Cardinal Philippe Barbarin, who recently said legalisation of same-sex marriage in France would lead to polygamy and possibly incest, could face French criminal charges that he covered up sexual abuses of some 40 young boys by a priest in his charge.

In a ground-breaking case, a court in France has launched a criminal investigation into allegations that the French Catholic hierarchy protected a priest who admitted sexually abusing at least 40 boys. Cardinal Philippe Barbarin, the archbishop of Lyon, has denied any culpability in the sex abuse of young scouts by Father Bernard Preynat from 1986 to 1991.

Preynat, who told authorities he committed the crimes, was finally kicked out of the priesthood by Barbarin in 2015, at least 25 years after the assaults began. After the parents of Preynat's victims first came forward in 1991, a former archbishop in charge at the time removed the priest from parish work where he had access to boys — temporarily. After Preynat "repented" for his crimes he was allowed to work again with children.

In 2007 he was promoted by Archbishop Barbarin to an administrative post where he helped run six dioceses and had access to even more children. The cardinal claims he did nothing wrong because the crimes didn't happen when he was archbishop, and he eventually booted Preynat from the priesthood in 2015 — when French civil authorities finally launched an investigation into the priest's activities.

Barbarin says he first heard of the abuse sometime in 2007 and was convinced Preynat had reformed, reports Associated Press. But Preynat's lawyer says Barbarin knew of the charges for decades.

The French court could levy charges of "failing to report a crime" and "endangering the life of others," which carry a maximum three-year prison sentence and fines up to €45,000 (£35,000). Ironically, the cardinal has taken a particularly harsh stand against gay marriage, arguing that same-sex unions would lead to polygamy and possibly incest.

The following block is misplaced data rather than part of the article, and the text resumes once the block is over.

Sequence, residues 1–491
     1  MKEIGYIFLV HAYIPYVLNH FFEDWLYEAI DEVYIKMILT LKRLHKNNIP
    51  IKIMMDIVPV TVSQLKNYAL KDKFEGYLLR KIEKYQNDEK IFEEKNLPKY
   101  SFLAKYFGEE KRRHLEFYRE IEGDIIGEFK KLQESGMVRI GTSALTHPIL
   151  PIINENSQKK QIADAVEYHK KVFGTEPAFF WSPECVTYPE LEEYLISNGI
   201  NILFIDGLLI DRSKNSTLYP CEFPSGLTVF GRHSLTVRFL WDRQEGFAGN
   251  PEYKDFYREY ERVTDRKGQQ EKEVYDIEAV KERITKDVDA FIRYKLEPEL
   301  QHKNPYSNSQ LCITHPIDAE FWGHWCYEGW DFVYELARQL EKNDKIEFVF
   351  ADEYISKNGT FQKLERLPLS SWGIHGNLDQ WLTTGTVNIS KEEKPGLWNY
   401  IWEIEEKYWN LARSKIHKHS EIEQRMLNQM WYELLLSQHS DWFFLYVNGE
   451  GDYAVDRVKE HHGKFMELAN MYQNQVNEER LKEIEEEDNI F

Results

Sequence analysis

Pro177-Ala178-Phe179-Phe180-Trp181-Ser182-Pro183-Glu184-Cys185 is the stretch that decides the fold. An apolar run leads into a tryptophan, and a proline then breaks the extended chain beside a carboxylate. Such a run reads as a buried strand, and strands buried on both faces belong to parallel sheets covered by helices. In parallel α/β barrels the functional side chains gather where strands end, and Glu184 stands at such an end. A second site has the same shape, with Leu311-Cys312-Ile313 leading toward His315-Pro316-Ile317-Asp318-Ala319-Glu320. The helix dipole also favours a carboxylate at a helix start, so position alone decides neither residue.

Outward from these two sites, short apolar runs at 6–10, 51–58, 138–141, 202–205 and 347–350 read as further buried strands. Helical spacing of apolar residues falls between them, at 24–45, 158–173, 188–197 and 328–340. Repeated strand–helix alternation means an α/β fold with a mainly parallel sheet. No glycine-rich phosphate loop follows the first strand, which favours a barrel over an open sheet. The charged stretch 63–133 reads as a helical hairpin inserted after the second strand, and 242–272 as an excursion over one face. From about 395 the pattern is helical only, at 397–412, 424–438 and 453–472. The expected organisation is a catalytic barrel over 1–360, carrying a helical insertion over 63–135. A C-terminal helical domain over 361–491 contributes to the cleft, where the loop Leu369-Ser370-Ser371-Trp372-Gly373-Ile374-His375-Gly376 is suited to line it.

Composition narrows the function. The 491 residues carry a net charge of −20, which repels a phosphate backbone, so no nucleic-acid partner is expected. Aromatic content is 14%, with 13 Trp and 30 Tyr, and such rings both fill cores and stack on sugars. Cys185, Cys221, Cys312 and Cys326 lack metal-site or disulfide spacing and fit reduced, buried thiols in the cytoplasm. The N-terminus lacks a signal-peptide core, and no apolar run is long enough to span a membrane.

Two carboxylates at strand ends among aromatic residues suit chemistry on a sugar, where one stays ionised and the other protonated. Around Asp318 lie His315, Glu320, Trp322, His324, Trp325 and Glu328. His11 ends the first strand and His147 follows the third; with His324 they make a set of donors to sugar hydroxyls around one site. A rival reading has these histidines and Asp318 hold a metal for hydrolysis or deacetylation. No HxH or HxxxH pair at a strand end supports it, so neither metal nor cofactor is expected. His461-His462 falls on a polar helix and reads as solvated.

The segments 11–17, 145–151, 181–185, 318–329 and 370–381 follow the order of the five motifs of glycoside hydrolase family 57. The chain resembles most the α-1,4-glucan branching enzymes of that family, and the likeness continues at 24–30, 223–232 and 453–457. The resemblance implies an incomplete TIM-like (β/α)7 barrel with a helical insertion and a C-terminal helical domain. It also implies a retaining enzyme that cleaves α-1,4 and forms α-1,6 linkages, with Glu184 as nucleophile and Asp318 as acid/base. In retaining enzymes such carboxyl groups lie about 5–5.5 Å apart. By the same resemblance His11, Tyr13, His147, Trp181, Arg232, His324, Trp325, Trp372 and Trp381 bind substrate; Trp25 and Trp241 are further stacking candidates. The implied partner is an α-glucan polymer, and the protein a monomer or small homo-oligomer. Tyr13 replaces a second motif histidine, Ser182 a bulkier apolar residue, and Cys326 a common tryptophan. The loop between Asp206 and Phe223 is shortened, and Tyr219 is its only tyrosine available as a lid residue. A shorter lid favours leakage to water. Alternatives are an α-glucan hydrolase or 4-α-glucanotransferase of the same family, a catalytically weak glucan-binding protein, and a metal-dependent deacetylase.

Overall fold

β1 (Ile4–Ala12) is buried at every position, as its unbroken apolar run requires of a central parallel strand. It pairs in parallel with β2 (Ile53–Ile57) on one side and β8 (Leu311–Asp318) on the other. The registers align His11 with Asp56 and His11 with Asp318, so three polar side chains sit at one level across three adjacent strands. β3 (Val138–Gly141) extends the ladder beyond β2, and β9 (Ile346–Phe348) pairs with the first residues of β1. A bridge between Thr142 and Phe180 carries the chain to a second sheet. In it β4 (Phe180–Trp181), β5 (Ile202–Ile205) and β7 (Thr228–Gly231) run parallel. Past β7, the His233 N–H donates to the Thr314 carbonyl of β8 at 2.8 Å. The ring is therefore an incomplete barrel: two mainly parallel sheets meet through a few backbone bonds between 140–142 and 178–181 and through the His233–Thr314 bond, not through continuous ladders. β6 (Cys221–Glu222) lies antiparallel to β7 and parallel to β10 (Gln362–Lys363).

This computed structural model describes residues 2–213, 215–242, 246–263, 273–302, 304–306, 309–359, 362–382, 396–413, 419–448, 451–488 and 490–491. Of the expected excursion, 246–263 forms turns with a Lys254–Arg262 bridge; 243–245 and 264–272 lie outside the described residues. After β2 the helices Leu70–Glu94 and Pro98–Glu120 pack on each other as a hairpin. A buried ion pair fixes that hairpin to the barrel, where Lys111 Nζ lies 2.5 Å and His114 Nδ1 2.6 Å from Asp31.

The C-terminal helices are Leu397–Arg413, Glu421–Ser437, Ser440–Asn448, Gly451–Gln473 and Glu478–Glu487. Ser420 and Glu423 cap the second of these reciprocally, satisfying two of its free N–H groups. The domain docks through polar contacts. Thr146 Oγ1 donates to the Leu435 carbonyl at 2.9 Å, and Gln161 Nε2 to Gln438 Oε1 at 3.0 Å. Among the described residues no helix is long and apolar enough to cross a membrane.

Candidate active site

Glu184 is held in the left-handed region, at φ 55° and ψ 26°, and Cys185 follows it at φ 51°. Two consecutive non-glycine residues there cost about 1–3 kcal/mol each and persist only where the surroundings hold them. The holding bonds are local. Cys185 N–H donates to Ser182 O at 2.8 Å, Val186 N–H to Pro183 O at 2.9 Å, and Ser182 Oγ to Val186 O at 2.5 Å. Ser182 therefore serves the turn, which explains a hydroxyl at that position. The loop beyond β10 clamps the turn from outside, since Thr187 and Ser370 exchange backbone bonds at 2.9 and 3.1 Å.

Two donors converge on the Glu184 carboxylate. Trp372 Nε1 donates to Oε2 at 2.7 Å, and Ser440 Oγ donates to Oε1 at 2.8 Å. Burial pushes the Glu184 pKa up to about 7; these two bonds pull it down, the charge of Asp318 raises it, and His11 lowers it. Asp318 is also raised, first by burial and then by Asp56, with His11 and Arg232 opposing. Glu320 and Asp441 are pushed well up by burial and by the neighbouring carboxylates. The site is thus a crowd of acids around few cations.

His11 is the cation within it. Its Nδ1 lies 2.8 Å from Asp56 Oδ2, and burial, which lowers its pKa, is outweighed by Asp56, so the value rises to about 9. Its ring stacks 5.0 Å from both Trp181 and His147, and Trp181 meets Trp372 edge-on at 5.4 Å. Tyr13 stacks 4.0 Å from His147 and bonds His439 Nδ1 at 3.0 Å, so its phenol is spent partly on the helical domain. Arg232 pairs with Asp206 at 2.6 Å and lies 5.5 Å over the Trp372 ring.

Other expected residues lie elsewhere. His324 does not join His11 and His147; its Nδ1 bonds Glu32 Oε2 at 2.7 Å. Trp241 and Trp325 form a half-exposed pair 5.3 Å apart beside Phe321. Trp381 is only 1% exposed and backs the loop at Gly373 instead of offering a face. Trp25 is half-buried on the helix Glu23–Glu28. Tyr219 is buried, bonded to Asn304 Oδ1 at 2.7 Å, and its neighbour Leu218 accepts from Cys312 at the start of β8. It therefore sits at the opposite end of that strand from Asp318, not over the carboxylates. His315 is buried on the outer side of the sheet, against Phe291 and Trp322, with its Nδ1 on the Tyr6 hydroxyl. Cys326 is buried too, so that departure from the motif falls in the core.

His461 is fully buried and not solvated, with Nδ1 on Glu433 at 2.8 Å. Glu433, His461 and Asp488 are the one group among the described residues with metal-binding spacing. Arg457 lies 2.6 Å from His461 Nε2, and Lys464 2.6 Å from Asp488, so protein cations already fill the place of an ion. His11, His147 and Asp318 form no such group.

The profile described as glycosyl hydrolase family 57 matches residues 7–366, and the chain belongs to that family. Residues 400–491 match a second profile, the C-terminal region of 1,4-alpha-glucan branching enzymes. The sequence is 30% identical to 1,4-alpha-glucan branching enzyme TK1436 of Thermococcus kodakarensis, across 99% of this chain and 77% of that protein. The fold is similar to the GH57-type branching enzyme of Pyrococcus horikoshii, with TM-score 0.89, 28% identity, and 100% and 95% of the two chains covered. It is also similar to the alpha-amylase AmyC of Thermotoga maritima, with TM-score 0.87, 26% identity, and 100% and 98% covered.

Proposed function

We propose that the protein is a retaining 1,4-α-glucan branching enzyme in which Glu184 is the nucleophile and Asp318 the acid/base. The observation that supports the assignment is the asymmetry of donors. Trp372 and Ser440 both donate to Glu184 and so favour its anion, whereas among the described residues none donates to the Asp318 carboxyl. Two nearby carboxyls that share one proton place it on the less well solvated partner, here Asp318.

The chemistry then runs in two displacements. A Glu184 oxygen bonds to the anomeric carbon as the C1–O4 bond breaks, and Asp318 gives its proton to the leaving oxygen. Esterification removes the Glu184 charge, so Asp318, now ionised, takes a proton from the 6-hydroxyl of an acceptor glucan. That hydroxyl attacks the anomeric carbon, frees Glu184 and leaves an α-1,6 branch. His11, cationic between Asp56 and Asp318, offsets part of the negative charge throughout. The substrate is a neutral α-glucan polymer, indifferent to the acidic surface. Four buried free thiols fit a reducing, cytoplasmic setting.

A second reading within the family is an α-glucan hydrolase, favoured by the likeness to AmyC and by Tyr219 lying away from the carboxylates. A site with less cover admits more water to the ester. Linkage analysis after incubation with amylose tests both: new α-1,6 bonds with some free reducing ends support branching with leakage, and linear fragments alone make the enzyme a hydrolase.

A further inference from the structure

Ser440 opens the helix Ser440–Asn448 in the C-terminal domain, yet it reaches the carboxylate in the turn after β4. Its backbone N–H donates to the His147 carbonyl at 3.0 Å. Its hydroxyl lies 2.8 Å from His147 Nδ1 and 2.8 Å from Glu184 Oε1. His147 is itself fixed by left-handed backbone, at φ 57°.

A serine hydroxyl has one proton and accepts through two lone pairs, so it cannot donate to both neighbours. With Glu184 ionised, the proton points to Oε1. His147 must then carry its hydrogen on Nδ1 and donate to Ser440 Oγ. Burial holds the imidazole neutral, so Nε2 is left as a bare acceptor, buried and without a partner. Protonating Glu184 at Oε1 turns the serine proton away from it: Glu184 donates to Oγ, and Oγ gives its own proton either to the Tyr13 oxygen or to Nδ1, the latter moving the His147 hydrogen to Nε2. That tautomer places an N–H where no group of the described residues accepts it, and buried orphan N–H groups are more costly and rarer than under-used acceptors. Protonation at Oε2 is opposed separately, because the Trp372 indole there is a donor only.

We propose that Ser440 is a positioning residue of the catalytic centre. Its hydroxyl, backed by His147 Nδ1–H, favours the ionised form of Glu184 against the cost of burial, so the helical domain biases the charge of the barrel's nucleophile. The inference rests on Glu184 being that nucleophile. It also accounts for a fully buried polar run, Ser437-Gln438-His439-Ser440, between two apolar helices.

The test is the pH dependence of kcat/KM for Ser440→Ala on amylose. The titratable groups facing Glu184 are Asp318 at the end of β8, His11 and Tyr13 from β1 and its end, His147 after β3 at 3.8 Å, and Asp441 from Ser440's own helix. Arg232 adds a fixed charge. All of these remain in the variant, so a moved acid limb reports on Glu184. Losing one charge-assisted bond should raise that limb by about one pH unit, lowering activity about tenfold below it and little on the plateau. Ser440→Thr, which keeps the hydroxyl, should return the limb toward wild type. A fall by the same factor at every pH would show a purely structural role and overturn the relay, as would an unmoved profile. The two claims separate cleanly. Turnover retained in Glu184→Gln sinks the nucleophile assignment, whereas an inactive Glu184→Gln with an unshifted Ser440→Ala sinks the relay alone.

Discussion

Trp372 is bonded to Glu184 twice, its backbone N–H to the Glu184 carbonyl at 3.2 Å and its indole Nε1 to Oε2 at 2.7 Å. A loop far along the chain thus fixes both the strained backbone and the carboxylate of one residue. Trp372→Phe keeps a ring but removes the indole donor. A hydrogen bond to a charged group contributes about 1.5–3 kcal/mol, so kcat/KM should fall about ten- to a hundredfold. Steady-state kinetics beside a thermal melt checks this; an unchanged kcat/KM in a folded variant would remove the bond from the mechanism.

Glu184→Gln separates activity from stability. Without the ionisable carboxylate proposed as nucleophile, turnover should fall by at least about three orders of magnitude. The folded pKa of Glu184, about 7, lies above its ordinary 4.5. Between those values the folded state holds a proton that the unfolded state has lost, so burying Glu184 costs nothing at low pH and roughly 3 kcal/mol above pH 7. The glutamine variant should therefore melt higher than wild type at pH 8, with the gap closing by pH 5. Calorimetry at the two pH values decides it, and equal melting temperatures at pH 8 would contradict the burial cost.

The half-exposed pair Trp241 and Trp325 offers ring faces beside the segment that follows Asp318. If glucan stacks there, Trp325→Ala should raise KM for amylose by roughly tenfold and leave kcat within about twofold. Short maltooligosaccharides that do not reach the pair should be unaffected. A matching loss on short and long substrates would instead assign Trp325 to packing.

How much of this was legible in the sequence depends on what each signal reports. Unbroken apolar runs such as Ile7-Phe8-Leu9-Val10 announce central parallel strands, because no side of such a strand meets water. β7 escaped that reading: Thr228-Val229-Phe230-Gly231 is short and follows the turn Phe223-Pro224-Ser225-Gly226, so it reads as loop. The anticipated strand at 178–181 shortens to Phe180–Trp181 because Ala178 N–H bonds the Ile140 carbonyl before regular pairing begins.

Lyon archdiocese spokesman Pierre Durieux told Catholic News Service that Barbarin has agreed to co-operate with police and judicial investigators. Victim groups will be closely watching the French case, which could set a precedent for other nations. Despite thousands of uncovered cases of sexual abuse of children by Catholic priests in several countries, much remains to be done to punish attackers and the Catholic leaders who protected them.

It's not enough to remove an errant priest from a parish or even defrock him — particularly decades after abuse — say victims groups. Any child sex-abuse offender should be turned over to secular authorities immediately whether they wear a clerical collar or not," David Clohessy, head of the Survivors Network of Those Abused by Priests, told the Daily Beast.

"Hundreds of bishops have been publicly exposed as having protected predators, endangered kids, deceiving parishioners, misleading police, destroying evidence, intimidating victims, threatening whistleblowers, and discrediting witnesses, and suffer no consequences," he said.

The Vatican's Pontifical Commission for Protection of Minors reiterated in mid-February that bishops have an obligation to "signal cases of sexual abuse to civil authorities."